Dirty Odor Reduces Genital Sexual Arousal In Men

Whether sexual stimuli excite people depends not only on how sexually exciting a stimulus is but also on the extent to which there are simultaneously active processes that actually counteract sexual arousal, such as feelings of disgust or fear. For example, earlier research has shown that sexual stimuli provoke less sexual excitement if these individuals are exposed to disgusting images shortly before. So, disgust seems to be able to inhibit the development of excitement.

This research focuses on the important follow-up question of whether its inhibitory effect also occurs when people are already sexually excited when they are exposed to disgusting stimuli (such as foul smells). If that is indeed the case, disgust could possibly also be used to prevent unwanted sexual advances (for example, by releasing a repulsive odor).

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In this experimental study, we initially focused on men (N = 78). To provoke sexual arousal, the participants watched a pornographic video. Four minutes and thirty seconds after the start of the video, the participants in the experimental condition were exposed to a very aversive/disgusting odor (n = 42) by means of an olfactometer, while the control group was exposed to an odorless solvent (n = 36). In both conditions, the scent was presented 11 times, and it was 1 second long and occurred at 26-second intervals. The video was not interrupted. Sexual arousal was measured via self-reports and with the aid of a resistance-sensitive stretch strip that could be used to determine a change in penis circumference (erection), which is a physiological measure of genital sexual arousal.

The disgusting odor (which was administered while the participants were in sexual arousal) resulted in a significant decrease in both subjective and, more importantly, in genital sexual arousal compared to the (odorless) control condition.

The results show that exposure to an aversive, disgusting odor can diminish existing genital and subjective sexual arousal. The finding that disgust has a negative influence on the sexual arousal that is already present is an indication that disgust could possibly reduce sexually motivated behavior (such as in sexual assaults). The results thereby also point to the possible practical applications of a disgusting odor as a method of self-defense (e.g. Invi Bracelet).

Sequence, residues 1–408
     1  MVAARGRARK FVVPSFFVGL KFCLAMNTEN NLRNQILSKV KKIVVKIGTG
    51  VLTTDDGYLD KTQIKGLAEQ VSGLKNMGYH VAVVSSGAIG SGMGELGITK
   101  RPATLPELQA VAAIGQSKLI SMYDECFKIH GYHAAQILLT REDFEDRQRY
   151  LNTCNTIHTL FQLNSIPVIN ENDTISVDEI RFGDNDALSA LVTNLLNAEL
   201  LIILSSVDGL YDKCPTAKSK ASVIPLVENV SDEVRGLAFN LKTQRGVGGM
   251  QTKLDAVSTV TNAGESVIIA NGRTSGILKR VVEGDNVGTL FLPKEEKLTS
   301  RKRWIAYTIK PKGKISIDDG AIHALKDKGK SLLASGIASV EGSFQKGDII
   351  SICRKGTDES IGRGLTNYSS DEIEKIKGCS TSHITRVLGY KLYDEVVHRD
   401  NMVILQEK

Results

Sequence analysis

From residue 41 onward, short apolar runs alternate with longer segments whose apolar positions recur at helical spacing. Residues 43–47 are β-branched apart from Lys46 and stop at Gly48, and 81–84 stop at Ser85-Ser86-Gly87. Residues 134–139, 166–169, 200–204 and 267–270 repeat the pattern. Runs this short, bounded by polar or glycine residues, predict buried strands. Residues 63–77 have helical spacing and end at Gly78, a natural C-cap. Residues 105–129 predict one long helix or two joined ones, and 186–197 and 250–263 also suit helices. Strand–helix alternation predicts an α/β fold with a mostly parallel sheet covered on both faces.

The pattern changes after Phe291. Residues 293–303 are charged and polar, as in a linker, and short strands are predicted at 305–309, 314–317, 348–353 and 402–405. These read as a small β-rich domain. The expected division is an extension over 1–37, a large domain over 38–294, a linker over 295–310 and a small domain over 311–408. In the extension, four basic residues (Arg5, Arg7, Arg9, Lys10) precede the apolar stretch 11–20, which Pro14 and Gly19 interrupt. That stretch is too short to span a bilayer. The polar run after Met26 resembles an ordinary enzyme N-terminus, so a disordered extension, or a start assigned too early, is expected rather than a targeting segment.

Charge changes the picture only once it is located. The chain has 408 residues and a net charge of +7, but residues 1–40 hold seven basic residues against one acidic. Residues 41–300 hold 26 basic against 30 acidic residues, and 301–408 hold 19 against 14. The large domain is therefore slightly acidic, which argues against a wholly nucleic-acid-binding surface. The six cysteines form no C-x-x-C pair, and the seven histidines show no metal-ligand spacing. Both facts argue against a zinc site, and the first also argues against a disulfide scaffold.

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Example of the Invi Bracelet. Credit: https://invi.world/

The research was initiated by the Dutch social enterprise Invi to investigate the effectiveness of the fragrance from their innovative self-defense bracelet, the Invi Bracelet. The research was conducted independently and without financial sponsorship by the University of Groningen. The Invi Bracelet is a non-violent means of prevention to prevent sexual violence. For more information, visit www.invi.world, or https://invi.world/press-kit/

These findings are described in the articles entitled The influence of olfactory disgust on (Genital) sexual arousal in men, and Feelings of Disgust and Disgust-Induced Avoidance Weaken following Induced Sexual Arousal in Women, recently published in the journal PLOS One. This research was aided by the help of Tamara A. Oosterwijk, Dominika Lisy, Sanne Boesveldt and Peter J. de Jong.

About The Author

Charmaine Borg works as a research scientist at the University of Groningen.

I have earned my MSc in Mental Health Studies at King's College London. My majors were in cognitive behaviour therapy & women's mental health. I conducted my PhD studies at the University of Groningen in experimental psychology and clinical psychopathology. My core research areas include sexual dysfunctions, arousal and disgust. Currently, I am a researcher/lecturer at the University of Groningen, and in 2015 I have been awarded the European Certification of Psycho-Sexologist (ECPS).